by Alberto Dalusung III | August 20, 2021 | Published by | READ THE STORY HERE

In the eighties, my usual conversation starter with foreigners was “How is the weather?” As a Filipino, I would normally have the advantage of “all-year sunshine” as my counterparts in the Northern Hemisphere struggle with their four seasons. Today, the weather and the underlying climate are topics that merit international attention and concerted action. Back in 1988, the United Nations established the Intergovernmental Panel on Climate Change (IPCC), composed of the world’s leading scientists tasked to provide policymakers with regular scientific assessments on climate change, and to identify where further research is needed.

The IPCC released last August 9 the first of its four-part Sixth Assessment Report and states, “It is unequivocal that human influence has warmed the atmosphere, ocean, and land. Widespread and rapid changes in the atmosphere, ocean, cryosphere, and biosphere have occurred.” The key point in this statement is that humans are responsible for these changes. The IPCC goes further, “Human-induced climate change is already affecting many weather and climate extremes in every region across the globe. Evidence of observed changes in extremes such as heatwaves, heavy precipitation, droughts, and tropical cyclones, and in particular their attribution to human influence, has strengthened since the Fifth Assessment Report.”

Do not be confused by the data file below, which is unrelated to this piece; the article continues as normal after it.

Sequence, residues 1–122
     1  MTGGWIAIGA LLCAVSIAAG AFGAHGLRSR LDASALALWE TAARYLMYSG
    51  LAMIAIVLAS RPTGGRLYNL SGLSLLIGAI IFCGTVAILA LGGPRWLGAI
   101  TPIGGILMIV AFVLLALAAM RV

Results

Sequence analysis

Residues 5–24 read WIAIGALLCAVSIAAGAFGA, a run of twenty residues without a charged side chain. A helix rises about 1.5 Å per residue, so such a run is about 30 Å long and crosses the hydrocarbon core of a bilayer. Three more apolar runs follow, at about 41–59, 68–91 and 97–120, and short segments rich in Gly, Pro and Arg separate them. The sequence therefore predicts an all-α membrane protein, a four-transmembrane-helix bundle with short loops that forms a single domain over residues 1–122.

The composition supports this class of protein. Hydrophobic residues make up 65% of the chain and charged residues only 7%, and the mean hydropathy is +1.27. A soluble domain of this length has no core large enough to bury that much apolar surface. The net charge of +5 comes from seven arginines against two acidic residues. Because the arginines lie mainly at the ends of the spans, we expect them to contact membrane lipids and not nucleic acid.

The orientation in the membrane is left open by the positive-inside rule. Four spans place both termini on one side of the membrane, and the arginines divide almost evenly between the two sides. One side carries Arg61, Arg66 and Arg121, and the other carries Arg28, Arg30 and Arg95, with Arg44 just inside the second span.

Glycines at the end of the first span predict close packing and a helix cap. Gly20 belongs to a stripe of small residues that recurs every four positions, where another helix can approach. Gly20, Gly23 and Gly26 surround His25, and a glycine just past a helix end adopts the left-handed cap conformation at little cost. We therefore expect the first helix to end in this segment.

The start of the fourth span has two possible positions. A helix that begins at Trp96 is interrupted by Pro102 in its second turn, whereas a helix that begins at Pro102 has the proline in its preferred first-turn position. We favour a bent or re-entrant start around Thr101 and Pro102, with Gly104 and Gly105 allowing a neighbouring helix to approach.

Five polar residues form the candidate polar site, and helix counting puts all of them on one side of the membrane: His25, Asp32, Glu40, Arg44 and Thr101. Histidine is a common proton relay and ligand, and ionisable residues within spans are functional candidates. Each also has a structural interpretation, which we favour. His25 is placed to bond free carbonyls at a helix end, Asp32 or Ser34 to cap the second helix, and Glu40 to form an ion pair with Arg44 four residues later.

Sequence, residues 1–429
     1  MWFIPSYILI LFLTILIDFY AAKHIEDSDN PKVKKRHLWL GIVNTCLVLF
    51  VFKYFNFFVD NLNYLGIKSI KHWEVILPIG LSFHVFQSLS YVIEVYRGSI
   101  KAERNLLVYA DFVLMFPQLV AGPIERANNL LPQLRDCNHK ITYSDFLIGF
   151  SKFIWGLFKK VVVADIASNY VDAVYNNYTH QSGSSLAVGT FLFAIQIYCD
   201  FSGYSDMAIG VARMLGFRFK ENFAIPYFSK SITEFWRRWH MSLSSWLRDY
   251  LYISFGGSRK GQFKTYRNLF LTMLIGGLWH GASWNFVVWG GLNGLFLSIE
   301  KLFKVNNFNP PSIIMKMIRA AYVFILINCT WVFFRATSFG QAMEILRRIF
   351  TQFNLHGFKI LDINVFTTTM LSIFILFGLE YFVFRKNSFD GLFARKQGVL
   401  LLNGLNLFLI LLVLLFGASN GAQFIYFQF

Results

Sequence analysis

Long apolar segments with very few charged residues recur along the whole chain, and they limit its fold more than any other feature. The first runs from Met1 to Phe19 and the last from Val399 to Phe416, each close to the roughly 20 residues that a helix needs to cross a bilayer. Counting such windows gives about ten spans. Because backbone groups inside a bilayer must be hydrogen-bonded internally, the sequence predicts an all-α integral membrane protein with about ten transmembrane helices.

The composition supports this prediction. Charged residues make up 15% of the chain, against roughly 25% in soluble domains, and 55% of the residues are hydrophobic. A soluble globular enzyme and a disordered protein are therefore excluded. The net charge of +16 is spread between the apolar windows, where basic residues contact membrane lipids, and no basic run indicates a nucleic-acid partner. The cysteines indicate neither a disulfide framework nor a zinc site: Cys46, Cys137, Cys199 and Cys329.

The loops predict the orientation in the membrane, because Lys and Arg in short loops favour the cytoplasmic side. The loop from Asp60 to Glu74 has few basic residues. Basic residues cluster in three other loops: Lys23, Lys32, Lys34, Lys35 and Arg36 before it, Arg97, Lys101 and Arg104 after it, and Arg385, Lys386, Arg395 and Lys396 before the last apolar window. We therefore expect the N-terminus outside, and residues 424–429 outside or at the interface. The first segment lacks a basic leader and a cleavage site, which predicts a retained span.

In the Philippines, climate change manifests itself in the form of tropical cyclones that grow in intensity and scope over the years. However, what caught my attention was the higher-than-average sea level rise local experts were projecting for the country. As a resident of Las Piñas, I pass by the Zapote River Drive daily. I notice the dramatic changes in the river’s water level depending on the amount of rainfall. Combined with subsidence, reckless ground water extraction and poor land use planning, the threat of faster sea-level rise literally strikes closer to home. Climate action has become an urgent personal affair.

It may be convenient to say that a small country like the Philippines cannot affect the trajectory of international climate actions, much less individual initiatives. But in this pandemic, when our enemy is too small to be visible, I have come to realize the power of targeted actions that start a domino effect. In the case of climate change, doing the right thing is truly in our best interest as far as energy policy and economic development are concerned. Doing the right thing means even if one pretends climate change impacts are not part of the challenges we face today, transitioning to renewable energy should still make massive sense.

Using current costs and local operating data, the National Renewable Energy Board has reported to the Department of Energy (DOE) that renewable energy options are already compatible with least-cost power system development.

The Philippines used to lead Southeast Asia in renewable energy initiatives, having pioneered the electric power applications of geothermal energy in the 1980s, and solar and wind energy beginning 2000 or way before the Renewable Energy Act as signed into law on December 16, 2008. All those early renewable energy projects remain operational today.